• Assistant professor of mechanical engineering Amirhossein Arzani co-authored the article, “Fluid-structure coupled biotransport processes in aortic valve disease” published in the Journal of Biomechanics. The study shows that blood flow physics and coherent structures regulate the flow-mediated biological processes involved in aortic valve calcification and thrombosis and could be used in the design process to optimize heart valve replacement durability.
  • Frederick DeMicco, executive director of the School of Hotel and Restaurant Management, was featured in the New York Times article, “Ghost Kitchens Find a Home in Empty Hotels.” The article discusses the emerging partnerships between hotels and restaurants.
  • Nancy Johnson, Regents’ professor of the School of Earth and Sustainability, and doctoral student of biology Kara Gibson co-authored the article, “Understanding Multilevel Selection May Facilitate Management of Arbuscular Mycorrhizae in Sustainable Agroecosystems” published in Frontiers in Plant Science. Johnson also published the article, “Soil biota suppress maize growth and influence root traits under continuous monoculture” published in Plant Soil with former visiting NAU scholars Lin Mao and Yongjun Liu.
  • Yuly Asencion-Delaney, professor in the Department of Global Languages and Cultures, published the article, “Writing in Spanish as a heritage language: A multidimensional analysis” in Foreign Language Annals. The study examines the lexical and grammatical variation in the academic writing at the college level of Spanish heritage learners with two levels of Spanish proficiency.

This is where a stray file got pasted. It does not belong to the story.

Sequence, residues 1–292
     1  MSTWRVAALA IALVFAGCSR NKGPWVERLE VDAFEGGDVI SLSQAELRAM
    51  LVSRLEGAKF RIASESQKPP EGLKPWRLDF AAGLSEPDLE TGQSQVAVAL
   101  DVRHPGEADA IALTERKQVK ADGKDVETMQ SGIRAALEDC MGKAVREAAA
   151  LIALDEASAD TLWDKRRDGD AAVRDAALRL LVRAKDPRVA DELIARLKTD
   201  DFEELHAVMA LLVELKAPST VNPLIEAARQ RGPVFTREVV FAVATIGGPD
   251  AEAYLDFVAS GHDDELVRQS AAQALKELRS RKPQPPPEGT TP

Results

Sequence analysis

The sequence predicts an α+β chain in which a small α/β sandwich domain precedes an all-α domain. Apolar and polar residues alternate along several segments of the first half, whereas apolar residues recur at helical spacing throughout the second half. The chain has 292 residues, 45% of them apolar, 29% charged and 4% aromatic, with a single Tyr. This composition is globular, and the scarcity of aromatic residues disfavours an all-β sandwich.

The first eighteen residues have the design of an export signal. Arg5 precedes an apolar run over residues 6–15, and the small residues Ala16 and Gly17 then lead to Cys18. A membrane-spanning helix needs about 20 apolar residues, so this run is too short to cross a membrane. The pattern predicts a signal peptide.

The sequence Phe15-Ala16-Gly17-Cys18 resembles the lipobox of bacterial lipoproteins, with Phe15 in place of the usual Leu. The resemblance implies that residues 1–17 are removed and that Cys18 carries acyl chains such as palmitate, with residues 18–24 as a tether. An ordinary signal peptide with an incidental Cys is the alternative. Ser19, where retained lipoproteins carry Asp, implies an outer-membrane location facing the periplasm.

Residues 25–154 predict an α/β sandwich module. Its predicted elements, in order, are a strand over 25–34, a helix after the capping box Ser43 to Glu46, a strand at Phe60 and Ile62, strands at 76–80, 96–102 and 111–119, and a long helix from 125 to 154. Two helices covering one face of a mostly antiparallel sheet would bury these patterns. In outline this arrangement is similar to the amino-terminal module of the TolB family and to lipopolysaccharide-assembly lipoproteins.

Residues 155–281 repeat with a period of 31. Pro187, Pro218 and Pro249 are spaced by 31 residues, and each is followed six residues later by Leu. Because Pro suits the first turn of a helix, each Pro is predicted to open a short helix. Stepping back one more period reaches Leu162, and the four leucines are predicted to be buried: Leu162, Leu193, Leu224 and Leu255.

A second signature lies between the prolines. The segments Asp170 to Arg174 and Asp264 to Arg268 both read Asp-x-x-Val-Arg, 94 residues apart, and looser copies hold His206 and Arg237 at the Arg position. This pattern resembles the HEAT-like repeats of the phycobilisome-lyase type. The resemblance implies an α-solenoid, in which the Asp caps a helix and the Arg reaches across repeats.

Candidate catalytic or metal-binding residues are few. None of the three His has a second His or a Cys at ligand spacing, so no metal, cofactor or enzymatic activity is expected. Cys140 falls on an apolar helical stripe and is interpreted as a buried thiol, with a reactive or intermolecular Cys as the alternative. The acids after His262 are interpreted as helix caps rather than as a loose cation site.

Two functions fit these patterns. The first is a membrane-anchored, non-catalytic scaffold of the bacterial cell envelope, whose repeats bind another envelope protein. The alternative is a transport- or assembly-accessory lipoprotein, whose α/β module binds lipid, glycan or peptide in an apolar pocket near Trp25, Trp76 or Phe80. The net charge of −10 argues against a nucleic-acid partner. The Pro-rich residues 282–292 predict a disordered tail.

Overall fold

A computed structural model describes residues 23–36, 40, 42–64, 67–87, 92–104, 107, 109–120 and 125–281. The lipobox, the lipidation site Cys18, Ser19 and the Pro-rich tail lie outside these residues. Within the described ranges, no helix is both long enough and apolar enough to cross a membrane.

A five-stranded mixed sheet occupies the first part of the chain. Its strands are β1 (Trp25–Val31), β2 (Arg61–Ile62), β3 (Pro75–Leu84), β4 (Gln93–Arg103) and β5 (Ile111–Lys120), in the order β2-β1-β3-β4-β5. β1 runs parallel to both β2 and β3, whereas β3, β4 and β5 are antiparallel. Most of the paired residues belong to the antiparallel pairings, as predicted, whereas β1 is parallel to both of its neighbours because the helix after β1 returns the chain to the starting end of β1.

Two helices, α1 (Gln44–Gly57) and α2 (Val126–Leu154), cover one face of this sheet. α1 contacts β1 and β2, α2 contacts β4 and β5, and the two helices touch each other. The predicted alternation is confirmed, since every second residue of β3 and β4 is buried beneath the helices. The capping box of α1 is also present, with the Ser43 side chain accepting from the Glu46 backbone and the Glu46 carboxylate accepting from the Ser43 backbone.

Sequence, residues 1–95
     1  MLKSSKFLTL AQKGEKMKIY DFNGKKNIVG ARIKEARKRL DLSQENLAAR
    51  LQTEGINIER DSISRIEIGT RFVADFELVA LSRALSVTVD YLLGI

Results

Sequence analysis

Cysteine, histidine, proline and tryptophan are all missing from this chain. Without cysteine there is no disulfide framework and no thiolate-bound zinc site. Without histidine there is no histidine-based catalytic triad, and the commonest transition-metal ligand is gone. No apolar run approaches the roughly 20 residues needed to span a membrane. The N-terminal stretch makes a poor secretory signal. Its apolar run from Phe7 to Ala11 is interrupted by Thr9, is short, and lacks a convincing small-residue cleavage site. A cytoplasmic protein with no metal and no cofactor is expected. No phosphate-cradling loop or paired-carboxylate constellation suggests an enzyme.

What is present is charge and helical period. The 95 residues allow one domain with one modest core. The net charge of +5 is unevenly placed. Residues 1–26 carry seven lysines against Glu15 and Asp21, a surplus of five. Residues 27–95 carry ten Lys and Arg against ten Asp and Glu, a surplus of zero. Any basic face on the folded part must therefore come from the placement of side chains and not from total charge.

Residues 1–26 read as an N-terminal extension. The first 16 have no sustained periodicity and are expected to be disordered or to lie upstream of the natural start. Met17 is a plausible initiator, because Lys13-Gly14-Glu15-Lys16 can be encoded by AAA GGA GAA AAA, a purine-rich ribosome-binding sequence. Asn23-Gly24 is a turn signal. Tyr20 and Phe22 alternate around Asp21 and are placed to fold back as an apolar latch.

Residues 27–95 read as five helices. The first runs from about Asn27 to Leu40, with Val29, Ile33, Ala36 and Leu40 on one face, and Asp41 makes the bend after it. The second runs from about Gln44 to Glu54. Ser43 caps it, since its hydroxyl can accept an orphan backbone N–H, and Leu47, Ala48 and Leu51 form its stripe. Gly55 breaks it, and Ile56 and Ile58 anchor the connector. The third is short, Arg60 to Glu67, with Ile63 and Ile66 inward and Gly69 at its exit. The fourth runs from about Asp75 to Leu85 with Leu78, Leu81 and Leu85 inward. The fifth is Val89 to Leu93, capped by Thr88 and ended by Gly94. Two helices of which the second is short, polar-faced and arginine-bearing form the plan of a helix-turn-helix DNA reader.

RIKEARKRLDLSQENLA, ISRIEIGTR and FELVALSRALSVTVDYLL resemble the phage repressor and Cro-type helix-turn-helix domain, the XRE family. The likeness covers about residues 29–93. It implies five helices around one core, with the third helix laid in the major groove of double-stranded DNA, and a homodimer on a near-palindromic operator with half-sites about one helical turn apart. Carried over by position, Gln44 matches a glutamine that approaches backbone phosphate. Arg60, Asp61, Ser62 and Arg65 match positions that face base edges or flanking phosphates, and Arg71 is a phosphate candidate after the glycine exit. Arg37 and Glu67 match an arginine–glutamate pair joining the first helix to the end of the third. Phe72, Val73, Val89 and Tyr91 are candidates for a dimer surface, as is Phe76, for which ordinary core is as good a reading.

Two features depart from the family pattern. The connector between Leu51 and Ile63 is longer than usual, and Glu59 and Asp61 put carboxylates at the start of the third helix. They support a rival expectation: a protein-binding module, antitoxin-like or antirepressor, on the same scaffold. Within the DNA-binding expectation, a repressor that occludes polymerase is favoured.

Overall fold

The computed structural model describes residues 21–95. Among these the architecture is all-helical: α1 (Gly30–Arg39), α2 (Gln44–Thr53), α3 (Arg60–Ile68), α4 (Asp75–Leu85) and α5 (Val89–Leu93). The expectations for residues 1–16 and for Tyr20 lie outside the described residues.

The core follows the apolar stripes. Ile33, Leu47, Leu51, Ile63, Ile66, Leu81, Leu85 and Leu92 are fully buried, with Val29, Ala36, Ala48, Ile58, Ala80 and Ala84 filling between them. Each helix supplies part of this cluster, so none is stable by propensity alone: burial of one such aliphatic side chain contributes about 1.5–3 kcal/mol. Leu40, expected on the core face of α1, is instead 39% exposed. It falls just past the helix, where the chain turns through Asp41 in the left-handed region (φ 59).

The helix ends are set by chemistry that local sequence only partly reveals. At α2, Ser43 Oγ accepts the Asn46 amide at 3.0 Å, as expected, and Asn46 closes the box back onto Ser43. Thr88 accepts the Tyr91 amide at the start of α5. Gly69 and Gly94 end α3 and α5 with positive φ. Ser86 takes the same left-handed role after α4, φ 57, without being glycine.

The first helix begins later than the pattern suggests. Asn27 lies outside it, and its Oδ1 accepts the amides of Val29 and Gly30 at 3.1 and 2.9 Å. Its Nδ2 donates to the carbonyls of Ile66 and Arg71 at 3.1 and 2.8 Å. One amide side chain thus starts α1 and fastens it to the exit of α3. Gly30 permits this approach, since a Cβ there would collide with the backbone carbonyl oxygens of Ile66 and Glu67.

• Professor of history Michael Amundson had his book, “Talking Machine West: A History and Catalogue of Tin Pan Alley’s Western Recordings, 1902-1918” featured on Sirius Radio’s “Ranger Doug’s Classic Cowboy Corral.” The show, which features an hour of vintage cowboy music and comedy, played the 1906 Edison Cylinder recording “Cheyenne” and discussed the book and singer Billy Murray.
  • Kevin Gurney, professor of SICCS, had his study featured in the New York Times article, “S. Cities Are Vastly Undercounting Emissions, Researchers Find.” The study compares self-reported emission inventories published by 48 major U.S. cities to estimates from a state-of-the-art emissions information system.
  • Dierdra Bycura, chair of the Department of Health Sciences; Anthony C. Santos, a graduate student in the Department of Health Sciences; Arron Shiffer, a graduate student in the Department of Biological Sciences; Shari Kyman with the Pathogen and Microbiome Institute; Kyle Winfree, associate director of the School of Informatics, Computing, and Cyber Systems;  Jay Sutliffe, professor of in the Department of Health Sciences; Talima Pearson, associate research professor in the Department of Biological Sciences; Derek Sonderegger, associate professor in the Department of Mathematics and Statistics; Emily Cope, assistant professor in the Department of Biological Sciences, and Greg Caporaso, associate professor in the Department of Biological Sciences authored “Impact of Different Exercise Modalities on the Human Gut Microbiome” in Sports. The article examined changes to the human gut microbiome resulting from an eight-week intervention of cardiorespiratory exercise or resistance training exercise.
  • The Department of Astronomy and Planetary Science faculty had several accomplishments.